cover image Three Worlds: Memoir of an Arab-Jew

Three Worlds: Memoir of an Arab-Jew

Avi Shlaim. Oneworld, $29.95 (352p) ISBN 978-0-86154-463-9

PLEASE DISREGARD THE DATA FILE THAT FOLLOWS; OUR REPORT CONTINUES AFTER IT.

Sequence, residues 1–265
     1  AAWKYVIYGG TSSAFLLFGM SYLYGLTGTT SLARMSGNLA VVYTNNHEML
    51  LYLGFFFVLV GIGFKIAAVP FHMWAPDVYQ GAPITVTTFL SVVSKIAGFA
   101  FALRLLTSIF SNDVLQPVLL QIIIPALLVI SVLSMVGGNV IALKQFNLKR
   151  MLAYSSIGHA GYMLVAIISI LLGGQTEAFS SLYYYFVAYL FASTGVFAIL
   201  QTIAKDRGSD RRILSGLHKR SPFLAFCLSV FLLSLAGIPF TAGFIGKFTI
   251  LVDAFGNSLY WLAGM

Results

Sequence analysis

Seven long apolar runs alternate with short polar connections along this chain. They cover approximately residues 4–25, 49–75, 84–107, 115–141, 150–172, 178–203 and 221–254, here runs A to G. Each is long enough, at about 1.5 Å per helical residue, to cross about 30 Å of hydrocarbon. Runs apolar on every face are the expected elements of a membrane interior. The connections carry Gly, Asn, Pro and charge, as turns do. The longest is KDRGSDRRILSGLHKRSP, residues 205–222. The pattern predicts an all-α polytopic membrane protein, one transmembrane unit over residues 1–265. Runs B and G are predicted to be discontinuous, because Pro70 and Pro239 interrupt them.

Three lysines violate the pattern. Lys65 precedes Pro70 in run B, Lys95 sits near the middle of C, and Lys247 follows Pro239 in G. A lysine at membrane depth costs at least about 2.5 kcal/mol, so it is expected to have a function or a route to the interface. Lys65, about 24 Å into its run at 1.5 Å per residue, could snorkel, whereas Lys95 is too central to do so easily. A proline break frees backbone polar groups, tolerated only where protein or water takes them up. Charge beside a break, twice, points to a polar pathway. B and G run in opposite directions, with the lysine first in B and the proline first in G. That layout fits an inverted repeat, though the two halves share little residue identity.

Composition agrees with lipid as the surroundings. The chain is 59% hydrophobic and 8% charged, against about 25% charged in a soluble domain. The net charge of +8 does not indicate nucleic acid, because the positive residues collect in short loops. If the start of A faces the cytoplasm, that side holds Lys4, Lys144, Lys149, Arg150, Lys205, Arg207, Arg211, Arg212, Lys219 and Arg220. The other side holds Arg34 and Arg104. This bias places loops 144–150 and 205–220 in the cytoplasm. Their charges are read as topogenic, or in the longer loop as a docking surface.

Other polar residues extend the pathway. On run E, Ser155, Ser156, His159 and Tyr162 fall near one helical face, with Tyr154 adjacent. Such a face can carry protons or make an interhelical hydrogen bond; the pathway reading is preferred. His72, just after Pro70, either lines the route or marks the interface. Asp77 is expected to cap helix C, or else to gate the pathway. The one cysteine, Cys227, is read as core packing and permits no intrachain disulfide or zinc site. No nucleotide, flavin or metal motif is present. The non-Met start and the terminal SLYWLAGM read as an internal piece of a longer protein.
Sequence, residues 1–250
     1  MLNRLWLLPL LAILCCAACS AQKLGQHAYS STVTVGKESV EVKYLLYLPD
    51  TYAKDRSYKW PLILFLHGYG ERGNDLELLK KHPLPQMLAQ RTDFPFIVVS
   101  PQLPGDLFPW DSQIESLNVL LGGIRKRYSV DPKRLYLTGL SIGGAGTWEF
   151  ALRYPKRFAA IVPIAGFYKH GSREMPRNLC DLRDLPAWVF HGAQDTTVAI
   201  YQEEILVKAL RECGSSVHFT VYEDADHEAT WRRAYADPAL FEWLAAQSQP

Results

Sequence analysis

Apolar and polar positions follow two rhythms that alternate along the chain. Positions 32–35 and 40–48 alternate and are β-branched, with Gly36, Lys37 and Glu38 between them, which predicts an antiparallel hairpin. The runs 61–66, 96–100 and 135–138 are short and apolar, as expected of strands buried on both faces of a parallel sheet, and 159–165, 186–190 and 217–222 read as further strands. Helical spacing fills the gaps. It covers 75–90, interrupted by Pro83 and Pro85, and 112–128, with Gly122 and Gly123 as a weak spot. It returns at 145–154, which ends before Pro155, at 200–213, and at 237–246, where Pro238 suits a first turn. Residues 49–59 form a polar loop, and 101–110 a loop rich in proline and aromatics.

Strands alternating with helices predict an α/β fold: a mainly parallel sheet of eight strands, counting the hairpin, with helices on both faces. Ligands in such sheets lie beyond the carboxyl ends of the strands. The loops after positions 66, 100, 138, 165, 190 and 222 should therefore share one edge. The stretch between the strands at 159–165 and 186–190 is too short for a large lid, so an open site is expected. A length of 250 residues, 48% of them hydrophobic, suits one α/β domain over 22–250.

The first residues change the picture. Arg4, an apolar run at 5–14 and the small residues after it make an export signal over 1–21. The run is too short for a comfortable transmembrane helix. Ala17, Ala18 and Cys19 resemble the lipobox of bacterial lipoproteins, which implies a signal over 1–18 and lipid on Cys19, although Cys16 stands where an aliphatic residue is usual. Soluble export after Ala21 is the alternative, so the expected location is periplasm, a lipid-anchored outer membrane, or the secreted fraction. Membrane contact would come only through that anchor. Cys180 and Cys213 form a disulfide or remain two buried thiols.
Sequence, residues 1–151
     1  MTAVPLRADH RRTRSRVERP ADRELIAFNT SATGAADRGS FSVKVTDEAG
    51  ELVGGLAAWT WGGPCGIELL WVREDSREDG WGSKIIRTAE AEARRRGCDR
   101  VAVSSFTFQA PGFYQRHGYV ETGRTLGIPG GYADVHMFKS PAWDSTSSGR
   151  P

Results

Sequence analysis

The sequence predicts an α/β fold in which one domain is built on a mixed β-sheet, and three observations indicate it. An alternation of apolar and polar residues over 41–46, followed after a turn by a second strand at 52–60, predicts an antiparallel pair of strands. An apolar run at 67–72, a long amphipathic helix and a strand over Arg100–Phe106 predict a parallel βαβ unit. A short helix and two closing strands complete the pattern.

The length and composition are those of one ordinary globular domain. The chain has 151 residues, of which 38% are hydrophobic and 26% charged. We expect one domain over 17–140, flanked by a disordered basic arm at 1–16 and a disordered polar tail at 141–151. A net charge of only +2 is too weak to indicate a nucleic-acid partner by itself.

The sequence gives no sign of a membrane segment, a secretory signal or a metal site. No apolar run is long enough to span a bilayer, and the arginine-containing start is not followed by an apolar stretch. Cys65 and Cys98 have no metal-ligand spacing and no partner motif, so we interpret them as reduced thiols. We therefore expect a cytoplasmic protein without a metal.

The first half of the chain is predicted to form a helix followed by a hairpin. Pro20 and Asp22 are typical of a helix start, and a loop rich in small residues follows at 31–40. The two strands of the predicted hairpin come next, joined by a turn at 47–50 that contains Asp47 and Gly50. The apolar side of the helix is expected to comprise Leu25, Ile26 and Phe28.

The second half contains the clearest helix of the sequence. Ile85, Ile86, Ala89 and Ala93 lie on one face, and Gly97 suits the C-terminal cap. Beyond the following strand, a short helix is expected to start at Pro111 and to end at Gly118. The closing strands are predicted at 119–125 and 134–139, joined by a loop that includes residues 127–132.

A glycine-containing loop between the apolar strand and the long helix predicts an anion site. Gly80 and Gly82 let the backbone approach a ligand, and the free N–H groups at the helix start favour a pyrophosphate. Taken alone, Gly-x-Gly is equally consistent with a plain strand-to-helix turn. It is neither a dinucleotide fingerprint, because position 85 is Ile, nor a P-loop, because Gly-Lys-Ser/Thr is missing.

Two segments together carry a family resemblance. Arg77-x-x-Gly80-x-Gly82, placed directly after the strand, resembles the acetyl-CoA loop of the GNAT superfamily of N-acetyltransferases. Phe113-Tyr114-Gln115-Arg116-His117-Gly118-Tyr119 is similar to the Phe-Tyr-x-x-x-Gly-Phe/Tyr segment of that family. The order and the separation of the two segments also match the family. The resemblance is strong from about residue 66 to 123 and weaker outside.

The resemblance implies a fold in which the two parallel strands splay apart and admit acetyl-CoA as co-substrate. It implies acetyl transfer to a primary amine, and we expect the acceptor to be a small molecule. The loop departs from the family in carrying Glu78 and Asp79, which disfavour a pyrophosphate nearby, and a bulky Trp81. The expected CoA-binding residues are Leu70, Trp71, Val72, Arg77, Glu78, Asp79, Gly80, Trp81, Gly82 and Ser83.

In this detailed, resonant account, historian Shlaim (The Iron Wall) recalls the complexities of growing up as an Arab Jew in Iraq and Israel. Born in 1945 Baghdad, Shlaim grew up in an affluent Jewish family that had little interest in Zionism, until antisemitic violence following the 1948 Arab-Israeli War forced them to flee to the newly created state of Israel. The move destabilized Shlaim, who had to learn Hebrew (Arabic was considered a “primitive,” “ugly” language) and find a place in an Ashkenazi-dominated society that often looked down on Arab Jews. He left for secondary school in England and returned to serve in the Israeli army, though the 1967 Six-Day War soured his perspective on Israel, as he began to view the country as a colonial power. Shlaim uses his narrative to illustrate the larger story of Arab Jews’ exodus from Iraq, arguing that Israel’s creation morphed the formerly protected minority into an “alien and usurping” presence in Arab spaces. While not all of Shlaim’s claims are equally persuasive—his contention that “the Zionist underground” was behind multiple bombings in Iraq that forced Jews to flee, for example, relies heavily on a document of uncertain provenance—he makes a convincing case that the creation of Israel had sometimes dire consequences for Jews in Arab countries. Those interested in alternative Jewish attitudes toward Zionism will find this illuminating. (July)